We observed that LANTM-InvNorm had its read and write locations at two distant clusters, so that its read weights were all diffuse across the entire memory. This may be due to the repeated application of a (approximately) single Lie action over the long course of training, blowing up the magnitude of keys, which degrades random access, as the typical squashing functions of the controller limits the range of keys it can produce. This means that, rather than storing useful information at particular locations, the machine stored deltas at each time step, so that the whole memory averaged together gave the desired information. LANTM-SoftMax also exhibited the same behavior, but because high fidelity access only required the read key to be closer to the desired key much more than to other keys (rather than that its distance to be absolutely small as with InvNorm), we cannot immediately infer that it also only stored deltas.
5 Related Works
Zaremba et al.  taught LSTM to evaluate simple python programs via curriculum learning, which formed the basis of one of our experiments. Kalchbrenner et al.  arranged LSTM cells in a multidimensional grid to form the grid long short term memory, and learned copy and addition tasks as well. Graves et al.  created NTM which has inspired much of the design in our work. Zhang et al.  found several tweaks to NTM to improve its convergence and performance. Grefenstette et al.  designed smooth versions of stack, queue, and deque as external memories to an LSTM controller. Their unbounded memory and experimental setups were direct influences on this paper. Zaremba et al.  used reinforcement learning to absolve the need of the NTM to involve the entire memory during memory retrieval. Weston et al.  came upon similar ideas in the memory network as the NTM at around the same time, but with less focus on sequence learning and more on question answering tasks (QA). Sukhbaater et al.  improved on their results to give a memory network trainable via gradient descent end-to-end and allowing multiple adaptive memory queries (“multiple hops”) which help in complex relational reasoning. Dynamic memory network of Kumar et al.  added an episodic memory module similar to the multiple hops feature of Sukhbaatar et al.’s model, but which dynamically chose when to stop accessing memory rather than after a fixed number of times. They achieved state of art results in several tasks such as QA and sequence modelling. Danihelka et al.  designed an external memory based on holographic reduced representations, which can store unlimited memory but the larger the size the more noisy the retrieval. Kaiser et al.  created the neural GPU based on convolutional kernels, which learned long multiplication of binary numbers up to 20 bits but were able to generalize to 2000 bits. Kurach et al.  generalized tha random access of conventional RAMs to create the Neural Random Access Machine, which learned simple algorithm and was able to generalize to larger lengths, and memory access during inference can be done in constant time. Neelakantan et al.  investigated adding gradient noise to training, and found that in many of the models mentioned above, this method improved the performance or allowed a greater percentage of random initializations to converge to the optimum.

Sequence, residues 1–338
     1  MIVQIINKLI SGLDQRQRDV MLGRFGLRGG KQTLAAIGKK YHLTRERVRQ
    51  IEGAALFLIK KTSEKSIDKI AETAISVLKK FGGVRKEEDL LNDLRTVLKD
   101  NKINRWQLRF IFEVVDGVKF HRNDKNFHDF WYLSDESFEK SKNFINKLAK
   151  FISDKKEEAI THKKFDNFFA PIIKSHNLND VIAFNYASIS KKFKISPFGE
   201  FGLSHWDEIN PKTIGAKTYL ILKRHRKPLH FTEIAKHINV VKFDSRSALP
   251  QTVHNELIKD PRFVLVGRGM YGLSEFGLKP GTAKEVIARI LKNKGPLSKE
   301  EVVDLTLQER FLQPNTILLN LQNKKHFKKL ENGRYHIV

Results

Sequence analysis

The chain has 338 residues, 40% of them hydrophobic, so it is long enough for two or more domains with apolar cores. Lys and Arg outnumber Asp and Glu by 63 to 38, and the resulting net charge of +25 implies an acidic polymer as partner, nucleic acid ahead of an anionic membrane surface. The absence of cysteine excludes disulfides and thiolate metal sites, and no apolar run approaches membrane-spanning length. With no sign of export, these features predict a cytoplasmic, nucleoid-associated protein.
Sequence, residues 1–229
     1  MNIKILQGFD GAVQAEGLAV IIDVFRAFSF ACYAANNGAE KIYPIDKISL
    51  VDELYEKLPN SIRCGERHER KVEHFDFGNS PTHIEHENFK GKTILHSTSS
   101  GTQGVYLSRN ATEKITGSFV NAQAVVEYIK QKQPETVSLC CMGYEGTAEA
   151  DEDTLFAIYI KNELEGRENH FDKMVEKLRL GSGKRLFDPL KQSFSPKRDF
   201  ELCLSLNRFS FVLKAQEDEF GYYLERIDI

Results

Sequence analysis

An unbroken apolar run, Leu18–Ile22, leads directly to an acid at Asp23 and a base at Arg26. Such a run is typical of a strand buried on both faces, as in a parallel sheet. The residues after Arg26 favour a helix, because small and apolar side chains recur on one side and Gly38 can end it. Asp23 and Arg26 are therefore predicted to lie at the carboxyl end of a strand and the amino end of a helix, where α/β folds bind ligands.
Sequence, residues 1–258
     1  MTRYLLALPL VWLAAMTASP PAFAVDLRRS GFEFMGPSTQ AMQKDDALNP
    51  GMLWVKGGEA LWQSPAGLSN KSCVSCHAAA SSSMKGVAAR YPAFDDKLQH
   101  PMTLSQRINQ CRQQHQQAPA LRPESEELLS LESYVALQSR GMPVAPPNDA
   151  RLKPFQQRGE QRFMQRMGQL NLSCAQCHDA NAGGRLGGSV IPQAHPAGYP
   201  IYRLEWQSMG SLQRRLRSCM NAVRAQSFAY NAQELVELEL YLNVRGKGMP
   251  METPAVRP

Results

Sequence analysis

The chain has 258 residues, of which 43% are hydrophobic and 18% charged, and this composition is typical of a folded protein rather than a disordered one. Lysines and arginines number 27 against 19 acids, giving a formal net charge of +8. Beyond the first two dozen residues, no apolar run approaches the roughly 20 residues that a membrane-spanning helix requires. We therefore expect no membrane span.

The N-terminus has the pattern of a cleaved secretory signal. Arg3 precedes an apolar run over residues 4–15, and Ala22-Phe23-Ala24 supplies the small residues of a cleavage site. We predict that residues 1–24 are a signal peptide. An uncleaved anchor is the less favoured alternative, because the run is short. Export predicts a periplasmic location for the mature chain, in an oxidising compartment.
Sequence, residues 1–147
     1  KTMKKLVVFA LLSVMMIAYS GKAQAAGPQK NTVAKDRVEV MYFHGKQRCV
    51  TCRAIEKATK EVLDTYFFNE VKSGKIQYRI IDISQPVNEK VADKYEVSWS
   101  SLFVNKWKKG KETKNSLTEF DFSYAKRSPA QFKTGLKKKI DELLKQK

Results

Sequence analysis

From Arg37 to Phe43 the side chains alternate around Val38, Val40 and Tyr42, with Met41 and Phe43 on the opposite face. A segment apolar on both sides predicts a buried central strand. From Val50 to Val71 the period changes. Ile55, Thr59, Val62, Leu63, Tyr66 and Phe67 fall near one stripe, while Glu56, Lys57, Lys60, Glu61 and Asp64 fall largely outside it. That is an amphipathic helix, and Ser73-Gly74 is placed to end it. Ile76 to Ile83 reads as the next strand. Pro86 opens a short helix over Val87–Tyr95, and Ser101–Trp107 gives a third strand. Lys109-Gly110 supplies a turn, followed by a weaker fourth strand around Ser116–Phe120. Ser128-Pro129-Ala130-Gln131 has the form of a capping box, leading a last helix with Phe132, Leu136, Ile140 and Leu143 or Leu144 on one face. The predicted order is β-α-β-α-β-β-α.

6 Generalization and Theoretical Considerations 444This part mentions some advanced mathematical concepts but is not necessary to the understanding of the rest of the paper
We want to stress that the model explained 3 is but one way to implement Lie access memory. Indeed, the Euclidean key space could be generalized to any Riemannian manifold equipped with a subgroup of its isometry group, as 1) a notion of metric is required in Lie access memory (hence the Riemannian part), and 2) one wants the ability to store and retrieve information in a “straight line” which suggests that the Lie action be invariant with respect to the metric (hence the isometry part).
A potentially useful Riemannian manifold other than is the hyperbolic space, specifically the Poincare disk model . As seen in the language modelling task, repeated application of Lie action on may blow up the magnitude of keys, degrading random access. The Poincare disk model has its points in the (open) unit ball that prevents this problem from occurring. The other standard Riemannian model, the sphere, is not quite as desirable in this setting, because it “wraps around” (i.e. is not acyclic, in homological/homotopic terms), which can confuse gradient descent.